Order. The time is up.
I do not intend to concentrate on the agriculture industry's problems - they have been well covered already. We are all aware of the £520 million farming debt and the fact that only 7% of farmers are under the age of 35. What we need are solutions. The Permanent Secretary is in the House, and although we do not know what the future of the Assembly will be he will still hold his position whether Alf Dubs or Bríd Rodgers is the Minister. There is more responsibility on the Permanent Secretary's shoulders than on anybody else's.
The Department of Agriculture and Rural Development needs a radical shake-up. Farmers have had regulations imposed on them over the years, regulations that have been implemented and policed by the Department, yet the same Department has not managed to deliver a full lifting of the BSE ban. We need to see that we get low-incidence status quickly. Is it right that the Irish Republic, which has many more cases of BSE than Northern Ireland, can export calves and get £130 per head when farmers from Northern Ireland have to pay to get their calves slaughtered? How can France continue to export beef when they have more incidences of BSE than Northern Ireland? It is time that the Department of Agriculture and Rural Development put the case of the Northern Ireland farmers to Brussels and Strasbourg. Farmers have applied all the regulations; now it is time for the Department to deliver.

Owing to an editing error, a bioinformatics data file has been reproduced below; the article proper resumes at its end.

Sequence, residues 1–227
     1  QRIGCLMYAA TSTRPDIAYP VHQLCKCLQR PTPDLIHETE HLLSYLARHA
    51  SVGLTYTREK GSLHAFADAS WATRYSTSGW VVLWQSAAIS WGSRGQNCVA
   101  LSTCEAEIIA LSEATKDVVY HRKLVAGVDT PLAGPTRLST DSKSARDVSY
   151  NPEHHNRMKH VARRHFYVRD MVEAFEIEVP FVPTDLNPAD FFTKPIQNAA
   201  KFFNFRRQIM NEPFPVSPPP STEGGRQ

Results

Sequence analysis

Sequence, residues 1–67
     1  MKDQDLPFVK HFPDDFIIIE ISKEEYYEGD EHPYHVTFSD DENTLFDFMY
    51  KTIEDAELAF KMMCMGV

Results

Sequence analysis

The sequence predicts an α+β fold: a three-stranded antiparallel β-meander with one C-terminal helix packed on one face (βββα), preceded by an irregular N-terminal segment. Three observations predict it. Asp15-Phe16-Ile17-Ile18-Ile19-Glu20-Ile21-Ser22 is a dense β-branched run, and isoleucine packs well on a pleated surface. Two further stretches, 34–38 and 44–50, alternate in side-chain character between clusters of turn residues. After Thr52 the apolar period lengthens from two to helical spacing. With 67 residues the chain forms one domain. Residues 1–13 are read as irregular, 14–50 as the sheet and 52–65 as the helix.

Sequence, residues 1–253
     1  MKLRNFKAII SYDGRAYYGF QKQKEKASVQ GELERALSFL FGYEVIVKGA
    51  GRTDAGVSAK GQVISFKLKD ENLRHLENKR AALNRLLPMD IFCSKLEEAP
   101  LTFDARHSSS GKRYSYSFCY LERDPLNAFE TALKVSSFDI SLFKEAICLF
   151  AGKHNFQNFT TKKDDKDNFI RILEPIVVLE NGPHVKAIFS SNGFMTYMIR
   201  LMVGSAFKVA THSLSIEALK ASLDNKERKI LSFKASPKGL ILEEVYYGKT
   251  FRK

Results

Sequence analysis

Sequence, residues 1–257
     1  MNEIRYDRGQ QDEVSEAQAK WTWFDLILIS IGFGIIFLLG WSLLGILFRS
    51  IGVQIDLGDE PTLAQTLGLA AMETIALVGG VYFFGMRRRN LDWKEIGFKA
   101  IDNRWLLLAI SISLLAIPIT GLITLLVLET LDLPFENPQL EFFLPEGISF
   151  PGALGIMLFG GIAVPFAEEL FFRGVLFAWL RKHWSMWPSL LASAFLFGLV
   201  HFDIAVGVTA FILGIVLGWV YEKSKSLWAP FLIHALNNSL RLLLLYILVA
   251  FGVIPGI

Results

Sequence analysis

The European sheep meat regime should also be looked at. Has the Department ever asked Brussels to look at it? The Government in the Irish Republic have asked for the regime to be changed. Last week, it was announced that sheep farmers are to get an annual subsidy of £13·48. Given that lamb prices are lower than they have been for five years, I would have expected that that subsidy would have been over £20. However, because the system under which the sheep meat regime operates is unjust, we are given less compensation than we should.
We need a strong implementation of policy on the importation of potatoes. Northern Ireland is presently importing potatoes that are of a lower standard than those produced here. Disease standards are not being maintained. The imported potatoes are not subject to the same standard scrutiny for brown rot disease as is applied to Northern Ireland potatoes. There is a danger that this disease could be brought into Northern Ireland and ruin the local potato industry.
The Department has handed out money in FEOGA grants to two firms to expand their potato marketing operation. They have imported thousands of tonnes of potatoes from Scotland and Europe, and this has driven down the price of potatoes in the Province. Farmers now have to sell potatoes at £20 per tonne, because the Government have paid for these firms to build cold stores. It is not the Department's role to improve the marketing conditions of firms in Northern Ireland; its role is to improve the marketing conditions for farmers in general.